More than 100 inmates attacked guards
SACRAMENTO, Calif. — Four inmates remained hospitalized with gunshot wounds Thursday, a day after California correctional officers opened fire to quell a rare mass attack on eight prison guards by more than 100 inmates, officials said.
One Pelican Bay State Prison inmate will need surgery after he was shot in the chin. The other three were shot in the arms and legs, Corrections Department spokeswoman Terry Thornton said.
Three more inmates were sent back to prison after being treated for injuries to their back, head or foot.
All eight correctional officers were treated and released for beating injuries, but one will need surgery for a torn shoulder. He also has a fractured eye socket, she said.
Another officer has a broken nose, while a third needed stitches to close a wound around his left eye.
"They all suffered numerous facial injuries," Thornton said of the correctional officers. She described them as having "beating-type injuries. It doesn't appear that a weapon was used even though (investigators) recovered two weapons." Both appeared to be makeshift weapons that inmates grabbed during the assault, she said.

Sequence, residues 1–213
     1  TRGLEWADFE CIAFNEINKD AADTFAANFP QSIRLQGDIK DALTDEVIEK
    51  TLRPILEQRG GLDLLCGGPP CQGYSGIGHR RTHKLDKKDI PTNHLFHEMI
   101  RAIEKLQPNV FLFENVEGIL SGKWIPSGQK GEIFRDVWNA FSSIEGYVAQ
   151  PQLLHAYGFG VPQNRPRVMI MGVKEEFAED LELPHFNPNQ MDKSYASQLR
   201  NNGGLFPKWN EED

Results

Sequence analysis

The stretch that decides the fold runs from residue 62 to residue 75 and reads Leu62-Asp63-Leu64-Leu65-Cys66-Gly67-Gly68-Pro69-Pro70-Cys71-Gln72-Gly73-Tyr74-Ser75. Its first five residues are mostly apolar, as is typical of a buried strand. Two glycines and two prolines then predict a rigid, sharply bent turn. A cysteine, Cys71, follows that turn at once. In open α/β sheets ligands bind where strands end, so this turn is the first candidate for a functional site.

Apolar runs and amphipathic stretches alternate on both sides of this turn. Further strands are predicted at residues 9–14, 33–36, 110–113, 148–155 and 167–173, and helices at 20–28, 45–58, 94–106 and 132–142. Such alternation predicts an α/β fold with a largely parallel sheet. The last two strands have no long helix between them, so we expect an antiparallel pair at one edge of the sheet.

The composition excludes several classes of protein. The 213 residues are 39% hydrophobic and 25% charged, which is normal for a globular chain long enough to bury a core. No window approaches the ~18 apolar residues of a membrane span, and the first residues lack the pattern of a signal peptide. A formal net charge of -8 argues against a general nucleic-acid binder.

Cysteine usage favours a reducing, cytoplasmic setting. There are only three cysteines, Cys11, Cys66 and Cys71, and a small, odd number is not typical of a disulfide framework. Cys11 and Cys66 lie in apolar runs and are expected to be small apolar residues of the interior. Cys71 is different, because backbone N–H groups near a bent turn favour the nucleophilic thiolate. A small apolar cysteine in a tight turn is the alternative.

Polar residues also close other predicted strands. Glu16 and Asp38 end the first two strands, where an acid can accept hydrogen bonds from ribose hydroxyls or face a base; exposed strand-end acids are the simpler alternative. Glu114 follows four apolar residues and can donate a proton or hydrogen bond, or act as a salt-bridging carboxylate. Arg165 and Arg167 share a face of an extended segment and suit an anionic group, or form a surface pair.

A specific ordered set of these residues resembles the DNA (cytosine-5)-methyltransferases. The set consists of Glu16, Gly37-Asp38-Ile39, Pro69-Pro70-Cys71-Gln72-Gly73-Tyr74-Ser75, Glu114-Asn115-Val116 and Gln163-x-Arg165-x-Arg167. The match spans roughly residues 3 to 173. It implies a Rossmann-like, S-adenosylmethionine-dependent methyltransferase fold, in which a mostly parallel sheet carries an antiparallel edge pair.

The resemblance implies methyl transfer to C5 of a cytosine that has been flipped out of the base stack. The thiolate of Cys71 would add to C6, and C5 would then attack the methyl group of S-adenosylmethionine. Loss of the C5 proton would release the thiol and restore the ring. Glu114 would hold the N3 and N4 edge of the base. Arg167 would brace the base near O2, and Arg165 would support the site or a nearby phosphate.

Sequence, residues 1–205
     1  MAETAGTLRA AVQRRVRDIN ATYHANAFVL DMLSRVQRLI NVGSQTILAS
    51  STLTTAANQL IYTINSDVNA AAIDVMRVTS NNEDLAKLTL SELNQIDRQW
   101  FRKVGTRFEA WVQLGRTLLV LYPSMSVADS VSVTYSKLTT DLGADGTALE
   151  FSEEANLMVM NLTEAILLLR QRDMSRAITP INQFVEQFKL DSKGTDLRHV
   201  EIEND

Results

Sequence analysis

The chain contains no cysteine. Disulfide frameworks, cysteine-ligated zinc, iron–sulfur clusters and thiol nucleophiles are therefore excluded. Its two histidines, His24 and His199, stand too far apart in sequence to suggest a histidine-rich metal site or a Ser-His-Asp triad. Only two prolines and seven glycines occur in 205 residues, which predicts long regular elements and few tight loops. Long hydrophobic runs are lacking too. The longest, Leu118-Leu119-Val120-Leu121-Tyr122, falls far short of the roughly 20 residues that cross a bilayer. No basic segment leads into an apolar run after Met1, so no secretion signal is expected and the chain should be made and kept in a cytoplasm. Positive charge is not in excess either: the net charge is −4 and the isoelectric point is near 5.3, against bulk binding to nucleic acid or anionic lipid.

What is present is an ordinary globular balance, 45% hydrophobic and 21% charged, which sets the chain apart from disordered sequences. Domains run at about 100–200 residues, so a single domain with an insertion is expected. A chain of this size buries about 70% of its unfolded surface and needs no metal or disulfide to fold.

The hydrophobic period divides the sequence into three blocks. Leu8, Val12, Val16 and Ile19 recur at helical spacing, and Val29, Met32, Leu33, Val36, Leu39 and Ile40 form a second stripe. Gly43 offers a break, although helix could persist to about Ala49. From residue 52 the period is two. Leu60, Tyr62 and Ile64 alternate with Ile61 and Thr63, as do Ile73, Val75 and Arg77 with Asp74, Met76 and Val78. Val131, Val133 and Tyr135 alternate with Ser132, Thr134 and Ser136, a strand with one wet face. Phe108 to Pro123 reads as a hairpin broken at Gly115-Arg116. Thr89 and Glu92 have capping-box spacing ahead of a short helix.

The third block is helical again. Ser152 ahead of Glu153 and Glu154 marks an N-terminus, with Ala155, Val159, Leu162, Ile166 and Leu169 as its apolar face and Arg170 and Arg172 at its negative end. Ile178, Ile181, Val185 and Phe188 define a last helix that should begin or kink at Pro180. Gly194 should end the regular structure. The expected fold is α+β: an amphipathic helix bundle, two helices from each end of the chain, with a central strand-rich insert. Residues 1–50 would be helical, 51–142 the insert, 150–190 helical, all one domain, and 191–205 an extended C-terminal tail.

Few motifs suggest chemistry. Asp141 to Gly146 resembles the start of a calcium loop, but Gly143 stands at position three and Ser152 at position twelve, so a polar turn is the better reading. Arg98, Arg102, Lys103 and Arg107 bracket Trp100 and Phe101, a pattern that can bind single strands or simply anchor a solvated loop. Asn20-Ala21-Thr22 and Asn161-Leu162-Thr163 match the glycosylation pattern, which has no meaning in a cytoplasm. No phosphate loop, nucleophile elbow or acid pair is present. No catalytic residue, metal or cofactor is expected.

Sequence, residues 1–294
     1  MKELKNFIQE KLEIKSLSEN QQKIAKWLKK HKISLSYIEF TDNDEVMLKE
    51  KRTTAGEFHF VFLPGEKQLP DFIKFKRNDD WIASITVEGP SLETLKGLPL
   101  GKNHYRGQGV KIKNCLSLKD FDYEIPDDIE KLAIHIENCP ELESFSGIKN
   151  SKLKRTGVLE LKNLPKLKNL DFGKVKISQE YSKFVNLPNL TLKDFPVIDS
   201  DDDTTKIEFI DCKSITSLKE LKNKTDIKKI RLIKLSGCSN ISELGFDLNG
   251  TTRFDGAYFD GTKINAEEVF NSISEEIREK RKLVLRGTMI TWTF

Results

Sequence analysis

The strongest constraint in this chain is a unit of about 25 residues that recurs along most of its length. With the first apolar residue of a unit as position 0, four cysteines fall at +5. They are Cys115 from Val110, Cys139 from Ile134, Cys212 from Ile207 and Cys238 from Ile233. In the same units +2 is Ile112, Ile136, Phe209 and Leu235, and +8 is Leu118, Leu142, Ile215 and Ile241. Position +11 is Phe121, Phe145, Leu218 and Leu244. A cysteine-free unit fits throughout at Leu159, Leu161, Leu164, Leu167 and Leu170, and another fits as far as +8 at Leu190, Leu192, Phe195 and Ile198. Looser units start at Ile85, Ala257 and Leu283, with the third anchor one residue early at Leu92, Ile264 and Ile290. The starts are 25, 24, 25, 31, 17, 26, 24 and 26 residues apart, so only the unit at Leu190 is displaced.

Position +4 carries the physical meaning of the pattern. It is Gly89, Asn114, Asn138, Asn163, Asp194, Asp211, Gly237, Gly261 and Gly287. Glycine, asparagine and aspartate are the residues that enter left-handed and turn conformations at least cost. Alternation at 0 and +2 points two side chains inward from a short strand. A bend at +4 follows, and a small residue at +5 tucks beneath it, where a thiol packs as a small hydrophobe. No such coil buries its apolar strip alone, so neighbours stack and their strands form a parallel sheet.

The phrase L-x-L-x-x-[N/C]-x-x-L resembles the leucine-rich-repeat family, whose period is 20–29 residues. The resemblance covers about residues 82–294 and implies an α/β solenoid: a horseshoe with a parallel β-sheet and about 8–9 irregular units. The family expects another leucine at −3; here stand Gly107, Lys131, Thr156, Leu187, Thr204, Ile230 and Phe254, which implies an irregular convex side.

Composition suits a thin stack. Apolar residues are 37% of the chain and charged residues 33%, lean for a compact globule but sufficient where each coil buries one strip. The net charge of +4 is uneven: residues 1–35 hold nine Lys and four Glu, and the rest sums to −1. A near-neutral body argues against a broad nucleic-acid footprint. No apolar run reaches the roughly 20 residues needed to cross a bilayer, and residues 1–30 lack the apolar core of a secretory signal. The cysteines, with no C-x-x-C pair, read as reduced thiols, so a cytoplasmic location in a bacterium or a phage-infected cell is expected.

Guards fired 19 rifle bullets and three hard foam rounds to stop the attack, which began as one sergeant and seven officers were trying to break up a fistfight between two inmates in an exercise yard holding about 300 prisoners.
They were among about 2,000 inmates in the maximum-security prison near Crescent City, Calif., and the Oregon border.
Of those inmates in the exercise yard, 107 have been isolated in a disciplinary housing unit because they are believed to have participated in the assault, Thornton said. That's up from the initial 97 inmates sent to the disciplinary unit immediately after the attack.
Investigators aren't sure what sparked the inmates to swarm the officers, or if it was premeditated or spontaneous. They also don't yet know if it related to prison gangs or to racial tensions, she said.
Officials also are waiting until the investigation is completed before they decide if they need to change their procedures or responses to the unusual mob attack on prison guards, she said.
Large-scale fights among inmates are not uncommon, but frequently leave employees untouched.